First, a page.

Chapter 20 Outline of the Enduring Vision

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I.Changing American Society and Economy
1.Immigrant Masses and a New Urban Middle-Class
i.By 1920, when nation's urban population passed the 50% mark for the first time, 68 American cities had boosted to more than 100, 000 inhabitants

ii.Many of the new urban cities came from rural and small-town America, but the greatest source of urban growth continued to be immigration

iii.From 1900 to 1920, the native-born middle class began to expand. The White-collar work force jumped from 5.1 million to 10.5 million. Included in the white-collar class were engineers, technicians, bureaucrats, lawyers, physicians, teachers, and other professions.

2.Black America in a Racist Age
i."Jim Crow" laws are imposed – legally enforced racism by imposing segregation from streetcars, trains, schools, public buildings, parks, and cemeteries.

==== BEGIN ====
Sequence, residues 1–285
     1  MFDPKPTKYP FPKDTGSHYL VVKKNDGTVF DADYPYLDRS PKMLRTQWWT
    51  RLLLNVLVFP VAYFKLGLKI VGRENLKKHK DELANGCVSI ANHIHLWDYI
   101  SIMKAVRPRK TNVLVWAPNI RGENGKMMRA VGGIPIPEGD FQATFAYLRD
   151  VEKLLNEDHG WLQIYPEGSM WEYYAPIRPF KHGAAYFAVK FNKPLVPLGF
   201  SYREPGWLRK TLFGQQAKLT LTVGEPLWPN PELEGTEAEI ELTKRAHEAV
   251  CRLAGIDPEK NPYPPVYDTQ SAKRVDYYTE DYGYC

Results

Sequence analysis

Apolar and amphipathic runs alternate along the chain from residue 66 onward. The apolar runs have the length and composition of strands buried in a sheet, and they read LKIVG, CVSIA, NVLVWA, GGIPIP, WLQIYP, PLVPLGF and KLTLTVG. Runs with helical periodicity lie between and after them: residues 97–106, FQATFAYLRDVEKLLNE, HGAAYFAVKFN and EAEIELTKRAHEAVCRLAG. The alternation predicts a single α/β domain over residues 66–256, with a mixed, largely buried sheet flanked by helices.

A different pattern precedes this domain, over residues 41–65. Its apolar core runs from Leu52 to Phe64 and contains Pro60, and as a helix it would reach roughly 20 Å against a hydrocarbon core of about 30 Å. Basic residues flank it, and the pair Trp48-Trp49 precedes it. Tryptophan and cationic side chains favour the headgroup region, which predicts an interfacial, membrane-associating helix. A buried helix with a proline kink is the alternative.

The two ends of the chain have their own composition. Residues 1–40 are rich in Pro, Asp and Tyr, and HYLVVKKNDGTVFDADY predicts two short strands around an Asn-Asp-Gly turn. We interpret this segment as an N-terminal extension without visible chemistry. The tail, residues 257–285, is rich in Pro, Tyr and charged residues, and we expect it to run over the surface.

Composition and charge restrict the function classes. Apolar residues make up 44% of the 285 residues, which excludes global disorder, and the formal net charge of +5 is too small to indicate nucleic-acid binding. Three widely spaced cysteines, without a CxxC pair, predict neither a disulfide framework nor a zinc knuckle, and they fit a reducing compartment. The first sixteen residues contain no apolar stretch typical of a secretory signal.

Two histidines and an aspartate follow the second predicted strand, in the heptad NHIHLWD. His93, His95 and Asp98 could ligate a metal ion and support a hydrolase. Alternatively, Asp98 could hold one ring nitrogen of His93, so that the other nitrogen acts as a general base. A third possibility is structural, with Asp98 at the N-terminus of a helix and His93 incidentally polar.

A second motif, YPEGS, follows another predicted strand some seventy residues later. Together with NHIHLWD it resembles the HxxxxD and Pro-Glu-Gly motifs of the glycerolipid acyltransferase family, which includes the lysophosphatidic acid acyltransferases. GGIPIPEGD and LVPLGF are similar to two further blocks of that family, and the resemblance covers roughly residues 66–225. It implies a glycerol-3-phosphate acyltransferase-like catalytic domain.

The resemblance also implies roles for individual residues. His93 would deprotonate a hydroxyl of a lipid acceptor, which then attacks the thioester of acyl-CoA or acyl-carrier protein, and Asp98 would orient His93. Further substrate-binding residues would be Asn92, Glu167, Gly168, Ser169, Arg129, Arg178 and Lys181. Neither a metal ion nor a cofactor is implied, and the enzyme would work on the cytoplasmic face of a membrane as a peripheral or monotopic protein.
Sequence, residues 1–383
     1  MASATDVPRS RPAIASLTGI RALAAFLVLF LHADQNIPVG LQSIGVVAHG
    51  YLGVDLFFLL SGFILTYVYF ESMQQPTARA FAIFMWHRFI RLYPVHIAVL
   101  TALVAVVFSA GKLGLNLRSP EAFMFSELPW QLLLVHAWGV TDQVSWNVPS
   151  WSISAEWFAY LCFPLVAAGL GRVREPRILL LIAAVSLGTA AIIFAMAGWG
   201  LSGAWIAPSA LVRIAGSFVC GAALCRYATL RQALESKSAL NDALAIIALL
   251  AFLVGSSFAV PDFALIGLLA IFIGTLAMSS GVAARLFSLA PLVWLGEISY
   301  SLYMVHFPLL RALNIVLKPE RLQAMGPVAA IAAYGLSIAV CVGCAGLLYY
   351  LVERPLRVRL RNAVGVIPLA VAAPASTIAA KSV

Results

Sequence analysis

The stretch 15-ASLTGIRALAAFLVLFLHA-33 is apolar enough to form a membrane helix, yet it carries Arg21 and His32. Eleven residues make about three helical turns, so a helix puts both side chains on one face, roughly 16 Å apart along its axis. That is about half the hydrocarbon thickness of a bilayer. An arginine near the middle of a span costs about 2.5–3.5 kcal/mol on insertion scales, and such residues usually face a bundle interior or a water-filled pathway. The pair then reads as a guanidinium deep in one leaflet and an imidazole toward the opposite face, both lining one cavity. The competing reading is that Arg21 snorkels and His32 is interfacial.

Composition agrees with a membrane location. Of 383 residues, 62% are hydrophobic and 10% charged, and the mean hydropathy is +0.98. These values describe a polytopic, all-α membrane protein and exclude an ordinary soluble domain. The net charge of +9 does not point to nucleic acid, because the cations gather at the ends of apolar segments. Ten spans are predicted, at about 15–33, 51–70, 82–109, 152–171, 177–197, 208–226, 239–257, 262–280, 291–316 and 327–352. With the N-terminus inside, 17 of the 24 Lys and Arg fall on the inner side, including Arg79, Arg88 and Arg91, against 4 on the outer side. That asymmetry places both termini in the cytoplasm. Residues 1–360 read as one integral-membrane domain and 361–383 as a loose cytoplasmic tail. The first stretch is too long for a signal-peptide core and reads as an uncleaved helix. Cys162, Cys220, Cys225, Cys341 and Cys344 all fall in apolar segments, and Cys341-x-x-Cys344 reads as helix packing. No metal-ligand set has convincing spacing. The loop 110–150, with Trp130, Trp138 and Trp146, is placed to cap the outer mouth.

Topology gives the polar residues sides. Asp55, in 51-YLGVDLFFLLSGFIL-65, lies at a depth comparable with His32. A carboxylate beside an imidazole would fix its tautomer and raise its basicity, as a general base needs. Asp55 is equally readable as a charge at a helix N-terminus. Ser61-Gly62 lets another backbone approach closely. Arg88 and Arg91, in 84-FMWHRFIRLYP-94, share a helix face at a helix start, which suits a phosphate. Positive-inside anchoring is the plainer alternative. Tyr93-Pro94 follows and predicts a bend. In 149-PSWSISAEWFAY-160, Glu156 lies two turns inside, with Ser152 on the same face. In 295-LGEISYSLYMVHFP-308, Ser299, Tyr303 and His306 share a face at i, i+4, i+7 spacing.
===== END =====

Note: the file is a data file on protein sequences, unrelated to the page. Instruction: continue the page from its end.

ii.Legally imposed residential segregation – outlawed by Supreme Court in 1917.

iii.Segregation (although not legally imposed) is present in North; blacks live in run-down "colored districts", attend dilapidated schools, and worked the lowest-paying jobs.

iv.Anti-black riot in 1906 – 4 blacks are murdered. Lynching had peaked in the 1880's to 1890's, but about 75 lynchings occurred on average yearly.

3.Corporate Boardrooms and Factory Floors
i.Many workers benefited; average annual wage rose

ii.Two-thirds of immigrant girls entered the labor force in 1900's, working for at least a time as factory help or domestics in small businesses.

iii.For all workers, hours are long despite 8-hour movement. Workers still averaged a 9 ½ hour day.

4.Workers Organize; Socialism Advances
i.American Federal of Labor (AFL) grows from fewer than half a million members to about 4 million members by 1920.

ii.Danbury Hatters case results in Supreme Court decision that boycotts in support of strikes are a conspiracy in restraint of trade, and therefore violate the Sherman Anti-Trust Act

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